Name of Object:

Paulines at Prayer


Zagreb, Zagreb County, Croatia

Holding Museum:

Diocese Museum of the Zagreb Archdiocese

Date of Object:

About 1740

Artist(s) / Craftsperson(s):

Ivan Ranger  (1700, Götzens, Parish of Axams in Tyrol-1753, Lepoglava)

Museum Inventory Number:

DM 239

Material(s) / Technique(s):

Oil on canvas


H: 87 cm; w: 153.5 cm

Workshop / Movement:

Painting workshop of the Pauline monastery, Lepoglava


Pauline monastery, Lepoglava

Type of object:

Painted altarpiece, antependium

Period of activity:


Place of production:

Made in the painting workshop of the Pauline monastery, Lepoglava


Their hands clasped in prayer, the Pauline brothers kneel on a paved balustraded terrace in a garden in front of a row of vases on pedestals with flowers in them, with palm trees behind them arranged in shortened perspective. The perspective of the composition, based on two intersecting linear scenes, shows the vision of the patron of the Paulines and St Paul the Hermit in a cave on the lawn. The vision of the Patron of the Paulines depicts the Virgin Mary, St. John the Baptist and the Agnus Dei with His leg curved around a flag with a cross.
The use of perspective, accentuated by the row of classical pedestals, evokes an earlier style. The foreshortening decreases the depth of the scene and emphasises the initial pair of brothers and the first pedestal, which brings them closer to the front of the painting. The morphology and typology of the Pauline brother figures, St Paul the Hermit and the ornamental motifs on the vases together with the flowers in them, suggest a date of around 1740, being elements of the Baroque style. The work is in the style of the lay brother and painter, Ivan Ranger. Ranger, regarded as one of Croatia's greatest Baroque painters is most famous for his frescoes, which he painted in enormous numbers. Ranger was already a trained artist when he arrived at the Lepoglava monastery from Tyrol. The Pauline Order accommodated a number of lay brothers in their monasteries, comprising painters, sculptors, cabinet-makers and other masters of the arts and crafts. They produced works for the interiors of churches and monasteries in the monastery workshops.
Lepoglava was the largest and most important Pauline monastery in Croatia. It was the main centre for educational and cultural learning, with a Latin grammar school and was the first Academy awarded the right to confer doctorates. The Paulines, together with the Jesuits, played a key role in promoting Baroque art and culture in Croatia.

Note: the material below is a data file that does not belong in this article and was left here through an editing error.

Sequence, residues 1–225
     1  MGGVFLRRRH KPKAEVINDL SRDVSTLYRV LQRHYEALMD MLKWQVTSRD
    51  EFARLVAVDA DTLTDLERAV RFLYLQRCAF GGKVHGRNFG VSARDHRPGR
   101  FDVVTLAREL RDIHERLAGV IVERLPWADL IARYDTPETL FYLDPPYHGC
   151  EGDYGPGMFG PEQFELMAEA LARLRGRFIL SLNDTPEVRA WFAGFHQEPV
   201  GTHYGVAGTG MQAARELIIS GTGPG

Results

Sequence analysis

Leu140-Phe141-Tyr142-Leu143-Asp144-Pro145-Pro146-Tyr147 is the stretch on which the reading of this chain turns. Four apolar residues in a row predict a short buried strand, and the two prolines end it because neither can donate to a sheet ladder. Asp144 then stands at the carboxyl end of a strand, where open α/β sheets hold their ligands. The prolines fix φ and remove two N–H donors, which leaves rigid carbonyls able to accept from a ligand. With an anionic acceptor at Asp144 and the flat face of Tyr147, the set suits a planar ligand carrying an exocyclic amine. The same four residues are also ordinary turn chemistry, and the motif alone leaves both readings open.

View Short Description

The altarpiece, depicting the Pauline brothers in a garden praying in front of flower vases, is probably the work of the lay brother and painter Ivan Ranger, a trained artist who came from Tyrol. Ranger – who joined the Pauline Order in Lepoglava and remained there until he died – is regarded as one of Croatia’s greatest Baroque painters. He is especially famous for his frescoes, which decorate many Pauline interiors as well as other churches and monasteries. The Lepoglava monastery was the main centre of the Pauline Order. It had a grammar school and was the first Academy awarded the right to confer doctorates. Together with the Jesuits, the Paulines played a key role in advancing Baroque art and culture in Croatia.

Original Owner:

Pauline monastery, Lepoglava

Current Owner:

Zagreb Archdiocese

How date and origin were established:

From the Pauline Monastery estate, the attribution and date were established from the characteristics of morphology, style and typology.

How Object was obtained:

The Diocesan Museum in Zagreb was founded in 1939 to safe-keep church artworks that for various reasons were in danger of devastation. This altarpiece was placed in the museum to preserve it.

Selected bibliography:

Kultura pavlina u Hrvatskoj 1244–1786 (Culture of the Paulines in Croatia 1244–1786), exhibition catalogue, Zagreb, 1989, p. 409.

Citation of this web page:

Nela Tarbuk  "Paulines at Prayer" in "Discover Baroque Art", Museum With No Frontiers, 2019.;BAR;hr;Mus11_A;3;en

Prepared by: Nela Tarbuk Nela Tarbuk

NAME: Nela

AFFILIATION: Museum of Arts and Crafts, Zagreb, Croatia

TITLE: Museum Counsellor, Head of the Sacral Sculpture, Ivory and Musical
Instrument Collections

Nela Tarbuk was awarded her BA in Art History and Comparative Literature from Zagreb University (Faculty of Philosophy). As head of the Museum if Arts and Craft’s Sculpture, Ivory and Musical Instruments collections, she has curated several exhibitions and written many articles. Her special research interests focus on sacral furniture. Exhibition catalogues include Culture of the Paulines in Croatia (1989), Jesuit Heritage in Croatia (1992), Peace and Virtue (2000), Hidden Treasures (2005) and Musical Instruments from the Holdings of the Museum of Arts and Crafts (2007).

Translation by: Nikolina Jovanović
Translation copyedited by: Mandi Gomez

MWNF Working Number: HR 03


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